“The Purina diets were used in all of the Monsanto studies from the 1970s to the 1980s and the long-term Rat study of 1990.  However, that was before they were using glyphosate on food and grain crops.  So, all of the findings in the Monsanto secret studies are still valid with the exception of the organophosphate pesticide contamination known to be used at the time as residues on crop ingredients.  Their presence would have been enhanced by the glyphosate which was then being tested.  
“Feeding glyphosate contaminated laboratory diets to test animals is absolutely unacceptable.  It does not constitute good laboratory practice (GLP).  It is tantamount to laboratory or forensic misconduct, or the same as a technician contaminating the control of an experiment which has to be reported to the laboratory director for appropriate action under GLP protocol.  This also brings up another issue concerning GLP and that is the use of historical controls used to cancel out inconvenient findings in laboratory experiments.  Such noise introduced into an experiment is the same as the intentional or unintentional contamination of a laboratory experiment, as with glyphosate contaminating animal studies.  Such practice is not GLP and must be banned from science.
“Laboratory diets should be tested for the presence of not only glyphosate, but glufosinate and other herbicides, chlorothalonil (Daconil) the most widely used fungicide as well as neonicotinoids like imidacloprid, clothianidin and thiamethoxam and or other chemicals known or registered and approved for use on the raw ingredients used in the formulation of the animal chows.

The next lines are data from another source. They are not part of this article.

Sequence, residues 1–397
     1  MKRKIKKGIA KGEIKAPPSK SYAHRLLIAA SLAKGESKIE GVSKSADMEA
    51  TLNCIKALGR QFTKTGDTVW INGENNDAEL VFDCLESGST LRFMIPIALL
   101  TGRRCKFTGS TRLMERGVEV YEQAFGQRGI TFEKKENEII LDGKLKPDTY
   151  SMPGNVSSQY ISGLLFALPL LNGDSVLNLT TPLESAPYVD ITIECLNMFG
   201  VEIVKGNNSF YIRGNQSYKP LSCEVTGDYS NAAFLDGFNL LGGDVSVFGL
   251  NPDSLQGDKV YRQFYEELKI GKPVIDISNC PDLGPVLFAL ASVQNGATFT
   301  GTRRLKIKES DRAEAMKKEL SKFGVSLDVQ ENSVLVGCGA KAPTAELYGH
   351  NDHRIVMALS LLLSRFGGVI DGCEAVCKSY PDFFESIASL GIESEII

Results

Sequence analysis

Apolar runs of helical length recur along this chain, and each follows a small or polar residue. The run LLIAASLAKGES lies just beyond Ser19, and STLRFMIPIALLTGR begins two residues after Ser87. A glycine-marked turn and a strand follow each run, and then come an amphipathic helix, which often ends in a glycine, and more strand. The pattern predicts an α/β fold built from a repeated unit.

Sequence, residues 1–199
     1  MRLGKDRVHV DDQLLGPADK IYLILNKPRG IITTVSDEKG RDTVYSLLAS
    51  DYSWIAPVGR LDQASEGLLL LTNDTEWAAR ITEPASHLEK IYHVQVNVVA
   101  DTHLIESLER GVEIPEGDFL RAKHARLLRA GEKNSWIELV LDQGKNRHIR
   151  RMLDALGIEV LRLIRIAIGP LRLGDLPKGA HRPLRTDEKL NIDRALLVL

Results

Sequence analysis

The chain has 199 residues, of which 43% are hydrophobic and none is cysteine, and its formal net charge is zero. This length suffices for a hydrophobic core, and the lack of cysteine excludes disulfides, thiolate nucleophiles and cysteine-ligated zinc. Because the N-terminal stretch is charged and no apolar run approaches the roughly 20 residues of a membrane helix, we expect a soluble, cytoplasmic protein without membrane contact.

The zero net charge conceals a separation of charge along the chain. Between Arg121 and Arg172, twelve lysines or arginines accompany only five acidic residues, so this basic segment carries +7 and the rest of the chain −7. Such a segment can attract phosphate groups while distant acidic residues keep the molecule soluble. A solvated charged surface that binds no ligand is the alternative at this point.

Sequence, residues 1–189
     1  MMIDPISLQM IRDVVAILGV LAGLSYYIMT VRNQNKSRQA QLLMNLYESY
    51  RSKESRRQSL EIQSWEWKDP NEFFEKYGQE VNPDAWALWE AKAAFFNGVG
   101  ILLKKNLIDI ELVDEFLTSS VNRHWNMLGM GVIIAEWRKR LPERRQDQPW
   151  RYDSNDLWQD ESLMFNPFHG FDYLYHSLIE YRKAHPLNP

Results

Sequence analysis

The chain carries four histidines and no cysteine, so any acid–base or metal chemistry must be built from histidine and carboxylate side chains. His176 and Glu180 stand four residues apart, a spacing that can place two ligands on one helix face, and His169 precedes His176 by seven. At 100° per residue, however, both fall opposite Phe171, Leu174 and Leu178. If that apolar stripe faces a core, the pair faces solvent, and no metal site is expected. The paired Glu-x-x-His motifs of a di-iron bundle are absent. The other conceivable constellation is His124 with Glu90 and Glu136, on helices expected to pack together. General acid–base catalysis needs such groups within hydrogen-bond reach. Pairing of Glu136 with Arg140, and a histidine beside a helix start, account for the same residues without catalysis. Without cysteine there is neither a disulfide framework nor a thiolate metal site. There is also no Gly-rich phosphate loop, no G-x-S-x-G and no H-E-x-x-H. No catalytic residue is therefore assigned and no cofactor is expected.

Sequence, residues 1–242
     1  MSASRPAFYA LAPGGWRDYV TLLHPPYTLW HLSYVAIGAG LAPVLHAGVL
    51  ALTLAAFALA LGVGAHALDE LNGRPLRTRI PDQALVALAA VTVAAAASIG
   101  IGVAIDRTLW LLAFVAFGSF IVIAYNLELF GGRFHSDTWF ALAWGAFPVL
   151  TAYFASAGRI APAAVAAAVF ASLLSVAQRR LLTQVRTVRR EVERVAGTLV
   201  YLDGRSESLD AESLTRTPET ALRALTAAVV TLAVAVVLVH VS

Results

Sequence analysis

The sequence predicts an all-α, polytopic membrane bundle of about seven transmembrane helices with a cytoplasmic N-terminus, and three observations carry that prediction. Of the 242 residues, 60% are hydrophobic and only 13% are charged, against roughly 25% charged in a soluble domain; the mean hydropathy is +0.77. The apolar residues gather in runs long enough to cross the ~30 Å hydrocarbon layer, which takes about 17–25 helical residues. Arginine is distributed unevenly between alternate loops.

“Today, I’ve released this information below to several sources for publication and distribution.  This is a game changer and becomes very problematic for animal studies especially those done since 1990 and particularly since 2005 and continuing today.”  
HPLC Laboratory Report      Date June 15, 2015
Analyte        Result   Units    Note
Glyphosate   0.65       mg/Kg  MDL: 0.05 mg/Kg (ppm)
AMPA            0.35
Analyte        Result   Units    Note
Glyphosate   0.57       mg/Kg  MDL: 0.05 mg/Kg (ppm)
AMPA            0.27
Glyphosate   0.37       mg/Kg  MDL: 0.05 mg/Kg (ppm)
AMPA            0.10


One of Samsel’s journalist friends, Tony Mitra of Canada, recorded an interview with Samsel and posted the recording on YouTube, along with some visual aids. You can see the data and hear Samsel’s comments:

Here’s a link to the Samsel interview, 19 minutes. 

As this information about contaminated lab rations sifts into public awareness, it’s likely to raise the obvious question: If the best available, scientific feedstuffs are laced with health-influencing levels of glyphosate and its metabolites, what’s the level of such contaminants in pet rations, livestock rations…  and any processed food made with crops sprayed with glyphosate?

 The residues of glyphosate and other herbicides are also showing up in non-GMO crops like wheat because of pre-harvest burn-down applications.  Kansas State, for example, shows a list of herbicides allowed for use on wheat at the hard dough stage to dry up weeds and provide more uniform moisture in the wheat.  This season, with abundant late rain in many winter wheat areas, weeds in ripening wheat are challenging farmers with a lot of green weeds to run through the combine during wheat harvest. Here’s the link to the story originated with Kansas State.